St. Saviour’s Church is one of 10 Anglican churches in Greater Victoria being recommended for closure in a report released by the diocese of British Columbia.
“My first reaction was just a real sense of wanting it all to be over and crawling in a hole and pulling the covers over my head,” says Peter Gibb, the People’s Warden at St. Saviour’s Anglican Church in Victoria.
That was his feeling when a report from the diocesan transformation team recommended St. Saviour’s as one of 13 churches in the diocese of British Columbia to be dis-established and its building sold or leased. The news was not unexpected. In response to dwindling numbers of people in churches, the diocese has been discussing the necessity of such changes for a number of years.
Dean Logan McMenamie of Christ Church Cathedral has been overseeing St. Saviour’s since its last rector left in December. “[He] reminded us that our church has been operating on the margins for at least 20 years,” says Gibb. Still, this final blow was still painful.
Similar struggles are happening in parishes throughout the diocese. Dean McMenamie acknowledges the sense of loss that parishioners feel. But he said, the “genius of the report” is the idea of creating hub parishes-in a region where all of the parishes are dis-established, everyone will be invited into one church, which will be renamed and rededicated. “The opportunity is there,” he said. “We’ll see these parishes like St. Saviour’s that have been struggling with 20 people, wanting children, wanting young families, wanting vibrant ministries, and it’s really not going to happen with that many people. That will only happen with a new critical mass coming together.”
But even in the margins, the parish is a vital part of the community. St. Saviour’s has been home to the Rainbow Kitchen, which serves healthy meals to people who have trouble providing that for themselves, including seniors, people who have disabilities or who may be unemployed or homeless. The kitchen has become a multi-faith effort with more than 100 volunteers from the Buddhist and Ismaili communities, the Salvation Army, as well as the broader population. Gibb says St. Saviour’s commitment to this ministry is helping parishioners move forward. “It is a time for us to really try to find the roots of our faith and continue to express that as a community and to the larger community. So we are even more determined to focus all of our energy into the one ministry that we all agree must continue and that’s the operation of the Rainbow Kitchen.” The hope is that the program will eventually become an independent society.
Dean McMenamie planned to meet with the rector of St. Paul (Esquimalt) designated to become the hub church in the area to see how the transition could be made as smoothly as possible for both communities. “We have to bite the bullet and move forward. It will be a very good learning experience, not only for us in this diocese but I suspect for the rest of the church, in how we handle this and what happens when we come through on the other side of this.”
The diocese undoubtedly has some emotional times ahead before it gets to the other side. Preparing to make decisions based on the transformation team’s recommendations at the diocesan synod, March 5 to 7, other parishes still want find a way to avoid dis-establishment and closure.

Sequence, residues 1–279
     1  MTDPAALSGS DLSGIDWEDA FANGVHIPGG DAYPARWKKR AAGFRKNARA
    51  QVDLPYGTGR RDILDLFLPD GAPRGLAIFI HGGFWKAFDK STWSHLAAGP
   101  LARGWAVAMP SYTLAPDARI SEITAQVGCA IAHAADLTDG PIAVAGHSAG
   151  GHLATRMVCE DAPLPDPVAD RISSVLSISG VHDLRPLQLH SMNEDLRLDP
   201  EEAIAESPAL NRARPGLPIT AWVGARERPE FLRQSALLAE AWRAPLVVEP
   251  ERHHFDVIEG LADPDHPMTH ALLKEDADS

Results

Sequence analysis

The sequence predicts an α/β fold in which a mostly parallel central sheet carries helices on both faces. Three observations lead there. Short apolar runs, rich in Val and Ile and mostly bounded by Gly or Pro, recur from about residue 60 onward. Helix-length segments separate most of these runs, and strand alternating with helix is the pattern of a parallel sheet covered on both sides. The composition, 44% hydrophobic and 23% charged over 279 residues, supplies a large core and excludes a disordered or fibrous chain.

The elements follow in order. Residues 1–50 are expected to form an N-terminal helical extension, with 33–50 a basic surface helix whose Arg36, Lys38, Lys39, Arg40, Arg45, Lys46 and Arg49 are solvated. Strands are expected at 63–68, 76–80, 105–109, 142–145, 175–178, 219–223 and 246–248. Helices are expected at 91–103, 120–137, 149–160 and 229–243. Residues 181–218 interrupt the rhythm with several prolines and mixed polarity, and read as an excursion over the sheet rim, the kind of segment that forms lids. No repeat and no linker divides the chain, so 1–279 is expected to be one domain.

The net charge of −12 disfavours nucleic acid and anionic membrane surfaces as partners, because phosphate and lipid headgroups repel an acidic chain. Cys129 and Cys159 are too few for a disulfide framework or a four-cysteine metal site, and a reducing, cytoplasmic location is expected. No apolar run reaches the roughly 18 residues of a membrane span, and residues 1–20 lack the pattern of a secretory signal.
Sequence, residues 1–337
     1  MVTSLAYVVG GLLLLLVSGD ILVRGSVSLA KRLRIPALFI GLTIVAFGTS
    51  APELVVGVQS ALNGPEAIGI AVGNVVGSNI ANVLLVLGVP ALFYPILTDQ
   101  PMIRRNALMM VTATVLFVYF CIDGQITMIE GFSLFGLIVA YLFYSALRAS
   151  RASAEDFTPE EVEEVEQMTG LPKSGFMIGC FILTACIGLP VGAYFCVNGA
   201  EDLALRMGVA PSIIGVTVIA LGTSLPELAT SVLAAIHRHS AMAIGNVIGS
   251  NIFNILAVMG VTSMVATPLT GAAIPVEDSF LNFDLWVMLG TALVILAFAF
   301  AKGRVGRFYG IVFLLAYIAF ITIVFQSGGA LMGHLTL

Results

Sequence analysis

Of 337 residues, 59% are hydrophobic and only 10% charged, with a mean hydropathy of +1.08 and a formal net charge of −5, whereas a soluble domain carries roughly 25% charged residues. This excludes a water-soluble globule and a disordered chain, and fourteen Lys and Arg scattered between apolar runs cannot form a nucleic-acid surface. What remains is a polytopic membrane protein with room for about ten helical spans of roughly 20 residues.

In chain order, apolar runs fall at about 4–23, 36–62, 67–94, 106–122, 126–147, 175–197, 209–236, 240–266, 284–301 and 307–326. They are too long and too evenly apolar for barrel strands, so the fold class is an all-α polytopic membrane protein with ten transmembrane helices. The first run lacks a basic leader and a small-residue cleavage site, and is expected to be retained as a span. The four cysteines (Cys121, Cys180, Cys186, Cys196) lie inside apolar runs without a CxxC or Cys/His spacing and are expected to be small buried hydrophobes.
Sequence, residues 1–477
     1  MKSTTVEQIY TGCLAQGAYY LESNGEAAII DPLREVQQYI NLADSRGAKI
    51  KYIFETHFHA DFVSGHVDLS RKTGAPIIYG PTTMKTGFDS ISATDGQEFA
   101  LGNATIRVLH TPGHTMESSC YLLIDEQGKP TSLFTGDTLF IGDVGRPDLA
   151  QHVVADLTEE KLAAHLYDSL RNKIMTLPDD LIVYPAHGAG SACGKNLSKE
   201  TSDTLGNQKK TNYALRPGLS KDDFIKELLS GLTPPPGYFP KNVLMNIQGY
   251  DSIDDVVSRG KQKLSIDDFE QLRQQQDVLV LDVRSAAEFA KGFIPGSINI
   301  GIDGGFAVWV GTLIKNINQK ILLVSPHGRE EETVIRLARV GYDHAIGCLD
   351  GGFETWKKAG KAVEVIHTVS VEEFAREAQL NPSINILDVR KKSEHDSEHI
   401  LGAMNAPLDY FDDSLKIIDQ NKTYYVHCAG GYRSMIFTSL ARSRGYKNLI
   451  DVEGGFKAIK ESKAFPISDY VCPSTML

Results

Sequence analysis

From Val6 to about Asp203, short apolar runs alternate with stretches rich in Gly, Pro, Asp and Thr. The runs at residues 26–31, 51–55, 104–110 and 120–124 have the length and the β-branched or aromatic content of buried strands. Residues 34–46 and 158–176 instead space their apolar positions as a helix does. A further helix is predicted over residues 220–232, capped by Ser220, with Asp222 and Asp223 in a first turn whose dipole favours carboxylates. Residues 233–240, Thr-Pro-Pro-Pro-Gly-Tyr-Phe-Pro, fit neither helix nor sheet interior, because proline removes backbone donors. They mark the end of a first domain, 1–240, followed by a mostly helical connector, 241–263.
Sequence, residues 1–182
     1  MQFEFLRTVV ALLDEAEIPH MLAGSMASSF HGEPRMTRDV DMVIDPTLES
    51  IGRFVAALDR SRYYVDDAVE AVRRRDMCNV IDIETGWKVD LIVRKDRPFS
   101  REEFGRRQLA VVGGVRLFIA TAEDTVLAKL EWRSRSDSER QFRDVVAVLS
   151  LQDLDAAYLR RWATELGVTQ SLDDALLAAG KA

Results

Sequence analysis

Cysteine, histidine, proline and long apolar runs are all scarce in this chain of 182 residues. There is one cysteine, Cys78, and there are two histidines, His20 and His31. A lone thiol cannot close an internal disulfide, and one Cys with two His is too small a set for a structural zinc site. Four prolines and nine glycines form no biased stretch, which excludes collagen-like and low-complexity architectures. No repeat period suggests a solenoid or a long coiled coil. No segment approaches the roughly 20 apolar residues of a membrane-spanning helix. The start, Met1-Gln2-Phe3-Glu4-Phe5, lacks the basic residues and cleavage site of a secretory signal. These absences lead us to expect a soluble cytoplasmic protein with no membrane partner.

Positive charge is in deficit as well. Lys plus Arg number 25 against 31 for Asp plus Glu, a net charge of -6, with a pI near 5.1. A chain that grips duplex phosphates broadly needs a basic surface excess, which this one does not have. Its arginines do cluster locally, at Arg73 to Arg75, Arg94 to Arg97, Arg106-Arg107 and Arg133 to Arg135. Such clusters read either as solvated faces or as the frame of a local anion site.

Rev. Richard Stetson, who is the rector for a Salt Spring Island parish that includes three churches, says people in his parish were surprised by the report’s recommendation to close St. Mary’s and St. Mark’s and to use All Saints-by-the-Sea as a hub church. Because the parish pays its apportionment to the diocese every year and had a substantial surplus from its givings in the last year, Rev. Stetson said parishioners did not expect to be affected by the report. St. Mark’s has an average Sunday attendance of 25 to 30 people who are strongly attached to the Book of Common Prayer, and Rev. Stetson says that the proposed changes would probably mean losing parishioners.”We could institute prayer book service at All Saints if they do close St. Mark’s, but for some people, they wouldn’t find the atmosphere the same and they wouldn’t come,” he says. The parish has entered a dialogue with the diocese to determine if an alternate plan could be proposed to avoid the closures. “We are certainly willing to work with the diocese whatever the final decision is, but I don’t see any advantage for us,” he said.
Salt Spring Island may take some encouragement from the experience of parishioners at St. Mary of the Incarnation in Metchosin. Rev. Dr. Larry Scyner said that two years ago, the church lost 80 percent of its members when they left to join an Anglican Network in Canada congregation. “We moved from 250 members to 45,” he says. Many of the people who left had come to the church from outside the local area, which left a small but strong core group of local people left whose families have been Anglicans for generations, said Rev. Scyner. Numbers are slowly creeping back up and the congregation has been able to afford to keep him, as a retired priest, on a part-time basis as well as doing repairs and maintenance on their buildings. He and the parishioners had the impression that they would be given time to rebuild, so they were upset when the report recommended closing the church. When the transformation team met with affected clergy, Rev. Scyner said he made “a rather impassioned plea for reconsideration from the team.” The bishop spoke with him and the team altered its recommendation. “I think the encouraging thing at least for some people in the diocese will be that the diocesan transformation team is willing to listen to alternative proposals and to respond positively,” he said.